• Support for Youth and Environmental Initiatives in Hawaii and Oregon
      The Healy Foundation

      The Healy Foundation is dedicated to building community and supporting the environment and youth in the states of Hawaii and Oregon. Grants are provided in the following areas of interest: youth education (up to age 25), youth advocacy, reduction of childhood poverty, climate change mitigation, and protection of ecosystems. The Foundation’s unrestricted grants range up to $50,000. Nonprofit organizations working in Hawaii or Oregon may submit a letter of inquiry at any time throughout the year. Visit the Foundation’s website to review the funding guidelines and online application procedure.
    • Support for Community Organizing Efforts to Confront Poverty
      Presbyterian Committee on the Self-Development of People
      The Presbyterian Committee on the Self-Development of People (SDOP) participates in the empowerment of economically poor, oppressed, and disadvantaged people who are seeking to change the structures that perpetuate poverty, oppression, and injustice. SDOP currently supports groups in the United States who are oppressed by poverty and social systems, want to take charge of their own lives, are organizing to do something about their own conditions, and have decided that what they are going to do will produce long-term changes in their lives or communities. Supported projects must be presented, owned, and controlled by the groups of people who will directly benefit from them. In addition, projects should utilize some combination of the SDOP core strategies to promote justice, build solidarity, advance human dignity, and advocate for economic equity. Applications may be submitted throughout the year.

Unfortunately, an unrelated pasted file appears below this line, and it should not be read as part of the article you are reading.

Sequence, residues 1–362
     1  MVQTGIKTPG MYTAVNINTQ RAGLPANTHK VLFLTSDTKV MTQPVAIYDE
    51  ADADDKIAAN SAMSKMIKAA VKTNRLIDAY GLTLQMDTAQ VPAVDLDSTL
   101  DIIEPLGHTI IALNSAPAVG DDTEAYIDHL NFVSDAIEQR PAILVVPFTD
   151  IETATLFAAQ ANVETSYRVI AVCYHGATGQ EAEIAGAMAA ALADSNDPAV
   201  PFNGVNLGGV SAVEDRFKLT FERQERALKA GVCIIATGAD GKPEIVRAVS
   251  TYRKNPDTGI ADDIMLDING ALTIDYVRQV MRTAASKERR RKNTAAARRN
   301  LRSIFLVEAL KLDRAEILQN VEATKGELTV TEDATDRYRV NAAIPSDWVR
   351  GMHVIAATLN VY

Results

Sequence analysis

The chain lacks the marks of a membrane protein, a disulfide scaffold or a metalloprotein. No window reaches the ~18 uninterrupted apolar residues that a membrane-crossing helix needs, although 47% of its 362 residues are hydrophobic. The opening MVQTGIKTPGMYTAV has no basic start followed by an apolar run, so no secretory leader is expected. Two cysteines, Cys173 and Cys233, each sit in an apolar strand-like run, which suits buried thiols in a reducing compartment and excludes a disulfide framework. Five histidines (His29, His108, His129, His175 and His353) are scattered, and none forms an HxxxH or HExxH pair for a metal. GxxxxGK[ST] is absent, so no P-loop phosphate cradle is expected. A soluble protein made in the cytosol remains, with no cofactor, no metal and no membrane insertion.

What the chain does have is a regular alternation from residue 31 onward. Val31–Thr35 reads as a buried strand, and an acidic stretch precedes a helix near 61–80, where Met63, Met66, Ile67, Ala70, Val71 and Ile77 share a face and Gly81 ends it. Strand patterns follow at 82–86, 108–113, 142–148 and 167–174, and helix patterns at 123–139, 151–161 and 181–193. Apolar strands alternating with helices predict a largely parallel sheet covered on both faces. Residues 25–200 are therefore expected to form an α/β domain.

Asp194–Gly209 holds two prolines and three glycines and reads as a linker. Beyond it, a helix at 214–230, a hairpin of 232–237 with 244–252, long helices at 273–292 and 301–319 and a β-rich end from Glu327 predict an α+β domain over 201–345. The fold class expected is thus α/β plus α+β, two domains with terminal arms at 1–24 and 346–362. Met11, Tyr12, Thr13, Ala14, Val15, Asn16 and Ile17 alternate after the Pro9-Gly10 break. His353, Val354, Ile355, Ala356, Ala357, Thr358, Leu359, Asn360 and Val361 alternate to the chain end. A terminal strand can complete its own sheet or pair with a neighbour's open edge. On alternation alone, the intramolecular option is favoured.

• Sponsorships and Grants Enhance Quality of Life in Texas Communities
      NRG Retail Charitable Foundation